Report on the XIII Metaheuristics International Conference

The 13th edition of the Metaheuristics International Conference (MIC 2019) was held in Cartagena (Colombia) from July 28 to 31, 2019. The Caribbean campus of the Universidad de los Andes in Cartagena was the perfect setting for attendees to disseminate and keep up to date with the progress in the area of metaheuristics, its techniques, empirical and theoretical research, industrial applications, and interface with other domains. A long-standing tradition of the conference is its commitment to disseminating the field throughout the world. The conference, held for the first time in Breckenridge (Colorado, US) in 1995, has traveled to Singapore and Tokyo in Asia; Hamburg, Barcelona, and Porto in Europe; Agadir (Morocco) in Africa; Montréal and Angra Dos Reis (Brazil) in the Americas, among many other cities. Bringing this community to the Caribbean, and in particular, to Cartagena (Colombia), was a special and magical experience.
The conference brought 100 participants (37 students) from 17 countries: Colombia (35), France (14), Brazil (11), United States (9), Spain (7), Japan (5), Portugal (4), Mexico (2), Cuba (2), Chile (2), Canada (2), United Kingdom (2), Lebanon (2), Switzerland (1), Austria (1), and Germany (1).
This year’s MIC had three plenaries delivered by leaders of the optimization community. In the first plenary, Michel Gendreau (École Polytechnique Montréal, Canada) shared a historical perspective of the field, illustrating it with stories behind the three editions of the Handbook of Metaheuristics. In the second plenary, Celso Ribeiro (Federal Fluminense University, Brazil) provoked attendees by showing how metaheuristics relate to the most relevant problems of our society, such as the current polarization that we are experiencing globally. Finally, the third plenary by Andrea Lodi (École Polytechnique Montréal, Canada), invited the audience to discover challenges and opportunities that arise at the frontier of machine learning.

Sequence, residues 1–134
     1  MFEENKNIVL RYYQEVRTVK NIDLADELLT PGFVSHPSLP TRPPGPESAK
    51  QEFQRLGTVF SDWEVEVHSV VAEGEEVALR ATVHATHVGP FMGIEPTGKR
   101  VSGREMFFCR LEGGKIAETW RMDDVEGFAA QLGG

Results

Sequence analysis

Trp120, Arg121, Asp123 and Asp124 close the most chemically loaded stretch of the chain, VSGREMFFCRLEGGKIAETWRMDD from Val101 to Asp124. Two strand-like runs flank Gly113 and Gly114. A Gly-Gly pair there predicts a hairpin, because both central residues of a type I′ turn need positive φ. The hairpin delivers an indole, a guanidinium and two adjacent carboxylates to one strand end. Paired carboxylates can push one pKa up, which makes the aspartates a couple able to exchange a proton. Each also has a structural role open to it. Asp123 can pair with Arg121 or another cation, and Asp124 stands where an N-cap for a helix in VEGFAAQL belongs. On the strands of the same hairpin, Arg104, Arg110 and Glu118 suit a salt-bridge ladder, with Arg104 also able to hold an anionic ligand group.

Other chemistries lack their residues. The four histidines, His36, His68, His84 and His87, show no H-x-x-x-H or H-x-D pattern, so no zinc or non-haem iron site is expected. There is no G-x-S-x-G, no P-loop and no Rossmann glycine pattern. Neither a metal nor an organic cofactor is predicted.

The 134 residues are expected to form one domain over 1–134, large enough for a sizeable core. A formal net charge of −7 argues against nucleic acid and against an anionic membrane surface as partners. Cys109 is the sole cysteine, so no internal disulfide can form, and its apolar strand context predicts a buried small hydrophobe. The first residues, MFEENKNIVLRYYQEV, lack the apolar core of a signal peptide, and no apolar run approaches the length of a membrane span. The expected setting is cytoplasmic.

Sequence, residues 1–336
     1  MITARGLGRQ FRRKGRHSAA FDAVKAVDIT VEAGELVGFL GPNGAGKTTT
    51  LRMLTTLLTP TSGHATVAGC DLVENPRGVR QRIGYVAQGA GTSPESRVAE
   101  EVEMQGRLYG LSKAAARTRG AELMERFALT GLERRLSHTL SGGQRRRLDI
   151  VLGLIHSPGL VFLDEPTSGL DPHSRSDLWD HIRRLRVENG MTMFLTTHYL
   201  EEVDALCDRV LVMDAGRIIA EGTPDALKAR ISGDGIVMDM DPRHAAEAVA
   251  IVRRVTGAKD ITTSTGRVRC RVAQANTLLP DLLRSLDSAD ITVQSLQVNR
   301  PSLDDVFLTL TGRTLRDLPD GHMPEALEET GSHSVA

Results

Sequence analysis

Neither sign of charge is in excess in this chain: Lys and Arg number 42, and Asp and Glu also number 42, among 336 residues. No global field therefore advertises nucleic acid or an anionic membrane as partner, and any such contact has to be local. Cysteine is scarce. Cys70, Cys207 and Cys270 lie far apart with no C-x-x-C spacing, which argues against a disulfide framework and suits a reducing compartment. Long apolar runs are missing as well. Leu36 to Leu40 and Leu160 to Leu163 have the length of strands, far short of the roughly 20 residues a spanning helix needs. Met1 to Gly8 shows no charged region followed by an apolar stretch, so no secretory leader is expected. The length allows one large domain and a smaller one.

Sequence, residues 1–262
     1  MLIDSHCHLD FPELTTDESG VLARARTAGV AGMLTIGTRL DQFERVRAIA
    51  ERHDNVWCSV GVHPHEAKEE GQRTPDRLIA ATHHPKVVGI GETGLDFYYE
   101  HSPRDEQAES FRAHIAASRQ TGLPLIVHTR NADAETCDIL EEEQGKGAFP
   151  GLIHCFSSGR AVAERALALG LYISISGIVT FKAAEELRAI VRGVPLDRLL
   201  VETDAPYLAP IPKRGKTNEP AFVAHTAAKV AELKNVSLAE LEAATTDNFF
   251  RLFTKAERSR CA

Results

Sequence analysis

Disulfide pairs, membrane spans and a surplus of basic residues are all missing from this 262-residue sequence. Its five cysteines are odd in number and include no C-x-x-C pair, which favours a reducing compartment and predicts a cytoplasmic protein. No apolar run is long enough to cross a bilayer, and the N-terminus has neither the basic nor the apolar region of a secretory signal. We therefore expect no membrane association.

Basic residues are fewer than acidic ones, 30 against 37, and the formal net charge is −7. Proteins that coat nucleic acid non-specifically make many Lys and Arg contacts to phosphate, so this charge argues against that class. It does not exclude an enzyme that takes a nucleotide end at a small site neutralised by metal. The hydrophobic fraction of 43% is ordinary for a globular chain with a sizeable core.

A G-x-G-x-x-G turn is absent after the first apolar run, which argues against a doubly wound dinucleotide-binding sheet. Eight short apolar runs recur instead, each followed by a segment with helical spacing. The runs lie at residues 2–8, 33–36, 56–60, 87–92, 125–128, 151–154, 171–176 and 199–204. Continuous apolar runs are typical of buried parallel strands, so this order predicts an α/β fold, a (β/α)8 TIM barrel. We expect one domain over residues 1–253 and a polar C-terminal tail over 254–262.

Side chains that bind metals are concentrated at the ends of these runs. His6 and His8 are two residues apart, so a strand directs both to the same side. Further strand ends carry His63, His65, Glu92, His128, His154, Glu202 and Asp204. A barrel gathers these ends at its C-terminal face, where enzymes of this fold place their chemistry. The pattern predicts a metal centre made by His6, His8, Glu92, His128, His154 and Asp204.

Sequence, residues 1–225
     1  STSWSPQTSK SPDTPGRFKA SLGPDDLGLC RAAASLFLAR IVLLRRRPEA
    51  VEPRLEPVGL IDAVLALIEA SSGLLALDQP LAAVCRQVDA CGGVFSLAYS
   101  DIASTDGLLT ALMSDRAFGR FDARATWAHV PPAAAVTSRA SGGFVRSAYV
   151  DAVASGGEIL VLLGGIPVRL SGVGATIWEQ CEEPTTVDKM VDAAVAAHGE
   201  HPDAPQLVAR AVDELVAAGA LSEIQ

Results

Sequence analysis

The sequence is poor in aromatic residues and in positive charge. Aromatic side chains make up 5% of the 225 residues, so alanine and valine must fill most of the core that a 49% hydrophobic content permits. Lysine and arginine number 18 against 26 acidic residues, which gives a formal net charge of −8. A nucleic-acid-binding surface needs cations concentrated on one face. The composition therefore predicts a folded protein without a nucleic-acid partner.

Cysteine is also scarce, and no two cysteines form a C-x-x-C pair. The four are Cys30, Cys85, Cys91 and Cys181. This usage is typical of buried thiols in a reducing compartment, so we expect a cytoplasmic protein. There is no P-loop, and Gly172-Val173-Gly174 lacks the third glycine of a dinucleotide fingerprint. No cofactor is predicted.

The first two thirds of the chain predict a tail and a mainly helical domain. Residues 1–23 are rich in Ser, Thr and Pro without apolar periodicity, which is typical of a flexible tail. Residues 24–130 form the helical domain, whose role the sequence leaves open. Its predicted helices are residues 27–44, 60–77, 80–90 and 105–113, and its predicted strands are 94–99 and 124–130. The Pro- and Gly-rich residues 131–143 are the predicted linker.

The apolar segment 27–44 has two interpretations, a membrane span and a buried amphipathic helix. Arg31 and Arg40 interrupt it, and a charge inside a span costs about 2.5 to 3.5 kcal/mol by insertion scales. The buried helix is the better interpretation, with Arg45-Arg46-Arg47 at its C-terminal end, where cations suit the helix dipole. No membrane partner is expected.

In this edition of MIC, three tutorials focused on the state-of-the-art (and practice) of the field. Luciana Buriol (Universidade Federal do Rio Grande do Sul, Brazil) shared some lessons learned from her practical experience applying routing and scheduling in urban contexts. Ramón Álvarez (Universitat de València, Spain) delivered a comprehensive tutorial on packing problems, focusing on the challenges that lie at the intersection with routing, where these problems naturally arise in industrial applications. José Fernando Oliveira (Universidade do Porto, Portugal), presented a novel methodology based on metaheuristics to generate realistic scenarios of combinatorial problems that push the limits of optimization methodologies.
The social program featured a welcome cocktail on Sunday, July 28, offered at the Holiday Inn Hotel. On Tuesday, the stone walls of Cartagena, an old fortress built to defend the city of Cartagena from pirate attacks, was the perfect setting to have dinner surrounded by a spectacular view of the sea and the historic center. During the meal, folk dancers shared rhythms from the city and the Caribbean region.
This edition of MIC was supported by Universidad de los Andes (Colombia), Universidad de Antioquia (Colombia), Fundación Universidad de Antioquia (Colombia), EU/ME – EURO Working Group on Metaheuristics (special thanks to Marc Sevaux, Université de Bretagne-Sud, France), with the endorsement of the Colombian Association of Operational Research (ASOCIO).
The MIC organizing committee was formed by professors Rubén Ruiz (Universitat Politècnica de València, Spain), Jorge E. Mendoza (HEC Montréal, Canada), Juan G. Villegas (Universidad de Antioquia, Colombia) and Andrés L. Medaglia (Universidad de los Andes, Colombia). The committee relied on the flawless work of the personnel of the Caribbean campus, led by Myriam Pérez (Universidad de los Andes); Vanina Jácob from Public Relations (Universidad de los Andes); and Alfaima Solano, graduate assistant of Industrial Engineering and the Center for Optimization and Applied Probability (COPA – Universidad de los Andes).